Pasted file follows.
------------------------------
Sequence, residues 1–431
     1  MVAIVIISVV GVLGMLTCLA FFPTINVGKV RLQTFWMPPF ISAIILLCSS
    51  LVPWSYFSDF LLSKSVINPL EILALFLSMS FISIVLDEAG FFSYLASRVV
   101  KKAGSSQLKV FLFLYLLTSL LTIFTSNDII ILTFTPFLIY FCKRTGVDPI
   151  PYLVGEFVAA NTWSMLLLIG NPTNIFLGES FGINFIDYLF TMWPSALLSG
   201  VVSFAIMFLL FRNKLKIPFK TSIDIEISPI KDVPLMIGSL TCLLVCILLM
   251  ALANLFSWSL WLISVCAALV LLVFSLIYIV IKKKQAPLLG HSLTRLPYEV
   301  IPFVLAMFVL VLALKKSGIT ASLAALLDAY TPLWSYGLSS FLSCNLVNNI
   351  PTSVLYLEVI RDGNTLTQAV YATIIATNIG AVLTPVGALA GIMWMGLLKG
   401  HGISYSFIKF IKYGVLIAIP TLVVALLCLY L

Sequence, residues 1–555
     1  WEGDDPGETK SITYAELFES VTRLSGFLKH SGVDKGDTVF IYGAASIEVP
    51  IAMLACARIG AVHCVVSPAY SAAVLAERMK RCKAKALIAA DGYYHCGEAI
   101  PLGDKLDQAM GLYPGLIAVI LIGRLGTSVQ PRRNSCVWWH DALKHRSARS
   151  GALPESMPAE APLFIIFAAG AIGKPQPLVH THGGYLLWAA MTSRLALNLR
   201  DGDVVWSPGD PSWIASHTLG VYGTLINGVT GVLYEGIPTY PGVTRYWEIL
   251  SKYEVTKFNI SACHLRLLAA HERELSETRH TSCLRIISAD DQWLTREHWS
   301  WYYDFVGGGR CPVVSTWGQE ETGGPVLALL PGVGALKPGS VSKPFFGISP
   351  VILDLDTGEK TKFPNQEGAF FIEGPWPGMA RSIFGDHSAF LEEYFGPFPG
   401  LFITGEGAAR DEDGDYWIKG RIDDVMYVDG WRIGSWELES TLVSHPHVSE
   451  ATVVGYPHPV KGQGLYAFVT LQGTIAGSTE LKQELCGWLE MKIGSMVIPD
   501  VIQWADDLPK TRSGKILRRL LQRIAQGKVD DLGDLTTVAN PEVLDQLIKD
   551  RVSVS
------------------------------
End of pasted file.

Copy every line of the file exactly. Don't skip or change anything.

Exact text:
Sequence, residues 1–431
     1  MVAIVIISVV GVLGMLTCLA FFPTINVGKV RLQTFWMPPF ISAIILLCSS
    51  LVPWSYFSDF LLSKSVINPL EILALFLSMS FISIVLDEAG FFSYLASRVV
   101  KKAGSSQLKV FLFLYLLTSL LTIFTSNDII ILTFTPFLIY FCKRTGVDPI
   151  PYLVGEFVAA NTWSMLLLIG NPTNIFLGES FGINFIDYLF TMWPSALLSG
   201  VVSFAIMFLL FRNKLKIPFK TSIDIEISPI KDVPLMIGSL TCLLVCILLM
   251  ALANLFSWSL WLISVCAALV LLVFSLIYIV IKKKQAPLLG HSLTRLPYEV
   301  IPFVLAMFVL VLALKKSGIT ASLAALLDAY TPLWSYGLSS FLSCNLVNNI
   351  PTSVLYLEVI RDGNTLTQAV YATIIATNIG AVLTPVGALA GIMWMGLLKG
   401  HGISYSFIKF IKYGVLIAIP TLVVALLCLY L

Sequence, residues 1–555
     1  WEGDDPGETK SITYAELFES VTRLSGFLKH SGVDKGDTVF IYGAASIEVP
    51  IAMLACARIG AVHCVVSPAY SAAVLAERMK RCKAKALIAA DGYYHCGEAI
   101  PLGDKLDQAM GLYPGLIAVI LIGRLGTSVQ PRRNSCVWWH DALKHRSARS
   151  GALPESMPAE APLFIIFAAG AIGKPQPLVH THGGYLLWAA MTSRLALNLR
   201  DGDVVWSPGD PSWIASHTLG VYGTLINGVT GVLYEGIPTY PGVTRYWEIL
   251  SKYEVTKFNI SACHLRLLAA HERELSETRH TSCLRIISAD DQWLTREHWS
   301  WYYDFVGGGR CPVVSTWGQE ETGGPVLALL PGVGALKPGS VSKPFFGISP
   351  VILDLDTGEK TKFPNQEGAF FIEGPWPGMA RSIFGDHSAF LEEYFGPFPG
   401  LFITGEGAAR DEDGDYWIKG RIDDVMYVDG WRIGSWELES TLVSHPHVSE
   451  ATVVGYPHPV KGQGLYAFVT LQGTIAGSTE LKQELCGWLE MKIGSMVIPD
   501  VIQWADDLPK TRSGKILRRL LQRIAQGKVD DLGDLTTVAN PEVLDQLIKD
   551  RVSVS